11. The learned counsel appearing for the appellant invites our attention to the cross examination of Shankarrao (PW-3) and submits that the said witness has not stated specific time when they visited the mutton shop, the time of incident and also when they came near the country liquor shop. It has also come in his cross examination that 20-30 persons had gathered near the spot. However, none of the independent witnesses has been examined by the prosecution. Therefore, the evidence of Shankarrao (PW-3) cannot be relied on.
12. The evidence of Shankarrao (PW3) is most natural. On the day of the incident, he was accompanying Naroji from his village till the incident took place. It is not expected from him, who is a rustic villager, that he should state accurate timings of places visited prior to the actual incident. On considering his evidence in totality, we are of the opinion that same deserves acceptance.
13. Chintaman (PW6) also states that there was marriage of Santram Jadhav s daughter Sonutai at Pimpalgaon on 18.05.2011. He himself, deceased Naroji, Shankarrao (PW-3) and many villagers visited Pimpalgaon and attended the marriage. The marriage was solemnized at 11.30 a.m. and after having lunch, they went to bus stand at Loha by an auto rickshaw. Thereafter, they visited the mutton market. The deceased Naroji purchased mutton and then they started going to Loha bus stand. When they reached near Kalal country liquor shop, the appellant came near them and demanded money from Naroji for drinking liquor. Naroji got upset on such demand and asked the appellant, as to whether his father (i.e. that of the appellant) had kept money with him. Upon receiving such reply, the appellant took out a knife from his waist and stabbed on the stomach below ribs of Naroji.
14. The evidence of Shankarrao (PW-3) and Chintaman (PW-6), is quite consistent in respect of the occurrence of the incident, manner in which same has been taken place, and the overt acts done by the appellant. The suggestion given by the defence to Chintaman (PW-6) in his cross examination that Naroji accidentally fell on the spot has been emphatically denied by him.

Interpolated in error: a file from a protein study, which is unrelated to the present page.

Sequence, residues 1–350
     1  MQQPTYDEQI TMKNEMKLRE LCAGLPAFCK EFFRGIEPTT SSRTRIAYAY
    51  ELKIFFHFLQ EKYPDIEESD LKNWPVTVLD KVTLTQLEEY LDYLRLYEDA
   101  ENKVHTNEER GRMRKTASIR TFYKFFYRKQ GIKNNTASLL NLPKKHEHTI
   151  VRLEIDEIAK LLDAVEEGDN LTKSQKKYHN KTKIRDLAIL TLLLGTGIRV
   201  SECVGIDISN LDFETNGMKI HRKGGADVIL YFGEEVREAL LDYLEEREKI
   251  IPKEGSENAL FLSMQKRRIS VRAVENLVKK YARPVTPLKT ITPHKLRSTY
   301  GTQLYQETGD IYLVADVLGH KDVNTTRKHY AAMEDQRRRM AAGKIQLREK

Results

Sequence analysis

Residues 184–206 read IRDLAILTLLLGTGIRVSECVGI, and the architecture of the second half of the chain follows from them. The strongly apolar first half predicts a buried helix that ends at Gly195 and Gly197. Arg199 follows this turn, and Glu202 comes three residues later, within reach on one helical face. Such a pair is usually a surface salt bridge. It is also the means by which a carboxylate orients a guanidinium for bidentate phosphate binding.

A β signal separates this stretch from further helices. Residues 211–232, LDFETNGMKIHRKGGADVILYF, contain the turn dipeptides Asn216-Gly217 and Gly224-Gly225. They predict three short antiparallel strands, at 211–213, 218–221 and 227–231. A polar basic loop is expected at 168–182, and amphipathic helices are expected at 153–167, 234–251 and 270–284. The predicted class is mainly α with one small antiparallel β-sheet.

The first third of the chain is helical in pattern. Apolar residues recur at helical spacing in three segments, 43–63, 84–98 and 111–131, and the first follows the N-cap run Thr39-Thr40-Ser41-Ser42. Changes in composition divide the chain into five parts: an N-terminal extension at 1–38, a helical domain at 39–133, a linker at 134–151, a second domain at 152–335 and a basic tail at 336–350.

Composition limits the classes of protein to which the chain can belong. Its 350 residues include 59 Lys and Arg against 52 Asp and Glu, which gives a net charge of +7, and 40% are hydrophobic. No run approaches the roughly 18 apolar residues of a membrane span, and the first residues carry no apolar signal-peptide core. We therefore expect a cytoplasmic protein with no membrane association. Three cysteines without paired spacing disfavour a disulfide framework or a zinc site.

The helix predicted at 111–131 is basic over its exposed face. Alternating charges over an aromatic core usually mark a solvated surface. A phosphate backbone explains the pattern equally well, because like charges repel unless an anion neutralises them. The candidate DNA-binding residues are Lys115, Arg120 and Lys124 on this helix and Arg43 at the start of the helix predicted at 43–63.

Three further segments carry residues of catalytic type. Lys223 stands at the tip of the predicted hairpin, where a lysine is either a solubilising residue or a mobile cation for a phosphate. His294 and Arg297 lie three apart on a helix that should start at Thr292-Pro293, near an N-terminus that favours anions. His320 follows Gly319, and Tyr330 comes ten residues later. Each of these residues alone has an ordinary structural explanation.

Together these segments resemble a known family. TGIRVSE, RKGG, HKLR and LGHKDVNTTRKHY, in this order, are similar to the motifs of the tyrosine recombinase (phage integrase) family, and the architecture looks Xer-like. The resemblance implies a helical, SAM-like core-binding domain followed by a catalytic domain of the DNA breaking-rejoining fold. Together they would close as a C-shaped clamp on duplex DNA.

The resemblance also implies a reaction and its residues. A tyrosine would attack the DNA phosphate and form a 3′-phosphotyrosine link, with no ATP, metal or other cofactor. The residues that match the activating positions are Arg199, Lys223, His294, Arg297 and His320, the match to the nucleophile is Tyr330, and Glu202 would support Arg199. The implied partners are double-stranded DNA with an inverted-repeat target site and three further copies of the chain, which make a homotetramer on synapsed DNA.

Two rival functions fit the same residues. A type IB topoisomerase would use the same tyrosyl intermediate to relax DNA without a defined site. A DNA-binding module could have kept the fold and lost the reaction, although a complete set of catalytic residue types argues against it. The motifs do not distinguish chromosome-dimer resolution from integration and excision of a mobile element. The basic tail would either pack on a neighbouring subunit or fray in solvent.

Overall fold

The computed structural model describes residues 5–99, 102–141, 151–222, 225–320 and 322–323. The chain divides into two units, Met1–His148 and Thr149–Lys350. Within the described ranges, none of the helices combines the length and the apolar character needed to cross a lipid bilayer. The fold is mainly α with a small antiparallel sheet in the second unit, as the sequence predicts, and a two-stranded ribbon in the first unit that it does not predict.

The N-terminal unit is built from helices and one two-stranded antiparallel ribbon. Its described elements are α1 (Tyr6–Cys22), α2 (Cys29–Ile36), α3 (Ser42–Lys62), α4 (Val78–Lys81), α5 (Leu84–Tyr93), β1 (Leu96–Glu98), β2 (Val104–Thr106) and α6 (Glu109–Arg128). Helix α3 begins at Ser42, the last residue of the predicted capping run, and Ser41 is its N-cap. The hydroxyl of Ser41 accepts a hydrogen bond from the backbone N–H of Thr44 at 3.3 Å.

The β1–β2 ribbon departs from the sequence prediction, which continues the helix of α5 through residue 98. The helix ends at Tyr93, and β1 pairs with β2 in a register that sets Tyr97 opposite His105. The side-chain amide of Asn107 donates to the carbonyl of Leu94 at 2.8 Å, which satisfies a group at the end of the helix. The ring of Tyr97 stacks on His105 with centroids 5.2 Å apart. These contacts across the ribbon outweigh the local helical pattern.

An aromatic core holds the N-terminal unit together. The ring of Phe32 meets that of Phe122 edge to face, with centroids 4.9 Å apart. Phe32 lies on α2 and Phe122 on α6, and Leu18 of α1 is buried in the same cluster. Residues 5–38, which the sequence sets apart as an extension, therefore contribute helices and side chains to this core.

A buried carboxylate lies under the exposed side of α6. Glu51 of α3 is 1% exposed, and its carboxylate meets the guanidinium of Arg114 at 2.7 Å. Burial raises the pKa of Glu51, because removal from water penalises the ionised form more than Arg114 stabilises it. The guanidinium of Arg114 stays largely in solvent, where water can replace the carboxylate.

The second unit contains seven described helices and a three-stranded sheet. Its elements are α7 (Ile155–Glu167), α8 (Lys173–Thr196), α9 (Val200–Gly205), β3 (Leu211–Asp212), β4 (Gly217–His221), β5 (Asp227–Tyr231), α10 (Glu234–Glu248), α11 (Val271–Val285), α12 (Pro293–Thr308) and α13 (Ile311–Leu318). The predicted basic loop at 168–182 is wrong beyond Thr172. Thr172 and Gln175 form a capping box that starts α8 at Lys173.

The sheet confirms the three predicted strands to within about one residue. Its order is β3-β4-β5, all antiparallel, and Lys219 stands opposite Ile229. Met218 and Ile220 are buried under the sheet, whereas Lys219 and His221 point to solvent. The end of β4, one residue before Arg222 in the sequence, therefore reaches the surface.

15. To sum up, there are two eye witnesses i.e. Shankarrao (PW3) and Chintaman (PW-6), whose evidence is quite consistent on all material points showing involvement of the appellant in the incident in question. Their evidence gets corroboration from the medical evidence. Apart from the medical evidence, the prosecution has also brought on record that the blood stains found on the clothes of the appellant were of the same blood group which was that of the deceased Naroji.
16. Pankaj (PW-7) states that he went to the spot of the incident. He saw the appellant running away with a knife in his hand. He took Naroji in an injured condition in the auto rickshaw to the Rural Hospital at Loha. The evidence of this witness also supports the case of the prosecution that the appellant, after stabbing the deceased Naroji ran away with the knife in his hand.
17. If the evidence of the prosecution witnesses and in particular Shankarraro (PW-3) and Chintaman (PW6), who have witnessed the incident coupled with the evidence of Bhagwat (PW5), Pankaj (PW-7), Dr.Dattaram (PW-13) and CA report is taken into consideration an inevitable conclusion would be that the prosecution has proved beyond reasonable doubt the involvement of the appellant in the commission of the crime alleged against him.